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January 15th, 2012, 06:38 PM   #1
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Is baby rudin a good first exposure to analysis?

hello. i am a freshman, and i will be taking an analysis (honors) course next quarter, and the textbook used will most likely be baby rudin. That will be my first exposure to the subject, although i did take an honors multivar calculus sequence last quarter that attempted to be more rigorous and formal than your typical calculus class. right now i'm taking an honors linear algebra (lower div) class which so far is below the level we treated calculus.

i've heard that rudin's book is hard and i feel like i might be unprepared for it. can i read something in advance so that i won't be struggling to keep up when the time comes?
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January 16th, 2012, 08:25 PM   #2
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Re: Is baby rudin a good first exposure to analysis?

The natural lead up to an analysis class is an advanced calculus course. More or less, an advanced calculus class goes back over many of the ideas and results from calculus building everything up formally, proving everything (or most things, at any rate), focusing on limits of sequences, series and continuity to prove everything you know about calculus. If you have had this kind of course, then you are about as prepared as you can reasonably be for an analysis. In fact, there will be a lot of overlap between an advanced calc class and an introduction to real analysis. The multivariate class you've had may be enough of a middle ground to work fine. In the end, if you satisfy the prerequisites for the class, you should be as prepared as most students for the material and the pace is ultimately driven by the instructor, so hopefully will not be too unreasonable.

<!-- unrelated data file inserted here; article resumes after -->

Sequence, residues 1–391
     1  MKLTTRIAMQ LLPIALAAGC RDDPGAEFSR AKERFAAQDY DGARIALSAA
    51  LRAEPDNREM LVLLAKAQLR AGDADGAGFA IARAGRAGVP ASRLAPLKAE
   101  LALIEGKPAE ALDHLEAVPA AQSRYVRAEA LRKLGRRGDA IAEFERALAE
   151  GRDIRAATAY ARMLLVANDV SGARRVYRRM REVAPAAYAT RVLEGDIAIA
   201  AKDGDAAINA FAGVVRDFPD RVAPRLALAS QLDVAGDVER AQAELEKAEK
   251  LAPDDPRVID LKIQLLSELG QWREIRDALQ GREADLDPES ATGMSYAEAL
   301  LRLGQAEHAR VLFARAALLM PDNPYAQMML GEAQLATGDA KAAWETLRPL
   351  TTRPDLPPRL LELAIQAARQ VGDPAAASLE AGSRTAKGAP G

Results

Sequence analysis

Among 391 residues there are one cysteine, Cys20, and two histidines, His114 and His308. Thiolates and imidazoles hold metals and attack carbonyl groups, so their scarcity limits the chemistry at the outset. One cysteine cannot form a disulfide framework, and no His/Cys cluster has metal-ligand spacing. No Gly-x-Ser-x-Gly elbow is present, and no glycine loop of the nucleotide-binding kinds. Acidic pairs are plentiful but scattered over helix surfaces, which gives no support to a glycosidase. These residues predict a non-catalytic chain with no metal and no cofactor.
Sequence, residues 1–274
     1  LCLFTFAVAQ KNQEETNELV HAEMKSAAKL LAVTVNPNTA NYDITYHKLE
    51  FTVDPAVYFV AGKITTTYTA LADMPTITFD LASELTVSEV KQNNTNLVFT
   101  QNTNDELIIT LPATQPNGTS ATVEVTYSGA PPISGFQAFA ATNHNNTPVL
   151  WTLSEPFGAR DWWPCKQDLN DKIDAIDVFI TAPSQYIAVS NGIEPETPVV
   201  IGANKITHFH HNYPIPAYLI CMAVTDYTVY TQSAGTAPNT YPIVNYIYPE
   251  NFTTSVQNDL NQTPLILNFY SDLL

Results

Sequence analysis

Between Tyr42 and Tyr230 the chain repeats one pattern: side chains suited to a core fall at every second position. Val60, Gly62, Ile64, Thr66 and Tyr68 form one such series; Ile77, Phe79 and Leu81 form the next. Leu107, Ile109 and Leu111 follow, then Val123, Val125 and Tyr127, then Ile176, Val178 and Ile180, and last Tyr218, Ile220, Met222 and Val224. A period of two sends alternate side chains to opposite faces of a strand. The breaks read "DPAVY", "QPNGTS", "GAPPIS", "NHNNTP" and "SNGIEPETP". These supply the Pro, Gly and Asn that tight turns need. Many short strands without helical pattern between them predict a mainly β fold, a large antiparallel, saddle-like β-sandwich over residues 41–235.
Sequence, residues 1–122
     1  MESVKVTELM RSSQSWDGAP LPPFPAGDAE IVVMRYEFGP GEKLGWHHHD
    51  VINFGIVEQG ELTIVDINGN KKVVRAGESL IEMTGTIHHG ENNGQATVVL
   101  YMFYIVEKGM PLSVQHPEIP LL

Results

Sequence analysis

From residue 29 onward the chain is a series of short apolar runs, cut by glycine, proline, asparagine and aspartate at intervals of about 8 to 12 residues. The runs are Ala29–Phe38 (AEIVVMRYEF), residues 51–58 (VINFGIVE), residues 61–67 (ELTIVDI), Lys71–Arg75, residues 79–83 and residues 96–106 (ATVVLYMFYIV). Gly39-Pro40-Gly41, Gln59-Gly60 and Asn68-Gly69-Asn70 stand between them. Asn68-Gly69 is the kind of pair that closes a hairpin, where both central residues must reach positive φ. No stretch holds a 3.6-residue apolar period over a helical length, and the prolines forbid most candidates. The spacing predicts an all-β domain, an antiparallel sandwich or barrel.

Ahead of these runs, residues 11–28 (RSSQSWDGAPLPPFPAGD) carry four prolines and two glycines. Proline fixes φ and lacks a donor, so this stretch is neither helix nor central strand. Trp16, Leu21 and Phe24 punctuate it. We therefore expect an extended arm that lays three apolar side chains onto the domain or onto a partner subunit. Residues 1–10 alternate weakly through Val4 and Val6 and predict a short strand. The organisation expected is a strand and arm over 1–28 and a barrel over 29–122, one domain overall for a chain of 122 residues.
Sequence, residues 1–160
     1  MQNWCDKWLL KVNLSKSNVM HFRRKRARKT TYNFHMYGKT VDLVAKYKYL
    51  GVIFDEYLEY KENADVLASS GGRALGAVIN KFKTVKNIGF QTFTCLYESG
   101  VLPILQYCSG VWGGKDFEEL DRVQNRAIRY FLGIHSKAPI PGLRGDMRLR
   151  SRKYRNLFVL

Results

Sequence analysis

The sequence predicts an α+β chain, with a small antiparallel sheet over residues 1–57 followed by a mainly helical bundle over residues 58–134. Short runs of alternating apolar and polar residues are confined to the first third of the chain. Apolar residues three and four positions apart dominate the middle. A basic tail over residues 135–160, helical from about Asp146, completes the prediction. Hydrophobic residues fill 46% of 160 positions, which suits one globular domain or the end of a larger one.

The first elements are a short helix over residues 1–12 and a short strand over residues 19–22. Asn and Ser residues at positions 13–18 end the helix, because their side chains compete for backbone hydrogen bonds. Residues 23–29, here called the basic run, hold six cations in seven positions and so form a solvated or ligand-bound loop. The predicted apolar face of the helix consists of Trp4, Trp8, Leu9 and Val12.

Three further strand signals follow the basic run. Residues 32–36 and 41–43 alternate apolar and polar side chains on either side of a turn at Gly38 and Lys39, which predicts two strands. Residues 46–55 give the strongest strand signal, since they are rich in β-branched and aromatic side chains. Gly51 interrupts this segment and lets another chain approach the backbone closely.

In that vein, if you would like some references which embelish on the motivations for various ideas that will come up, or if you would just like a supplement to the way Rudin expresses concepts, then my advice would be to look into either of the standard advanced calculus books: Apostle's Calculus (the first volume should suffice) or Spivak's Calculus.

But if this is the first truly proof intensive math class you will have taken, there is no getting around that this will probably be a challenging course. An enormous part of this stage of a mathematical education is to spend the proper time to understand what is going on, which will be a lot of time. But if you spend that time, you will feel like you've accomplished something significant and you will learn a great deal.
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November 10th, 2014, 11:11 AM   #3
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the differences between principle of math analysis and math analysis can be seen clearly in Baby Rudin and Apostle's Calculus. One emphasize the path of theory development, the other emphazise the analysis problem solving, calculation$

Well, here is a link to Notes and Solutions to Principles of Mathematical Analysis
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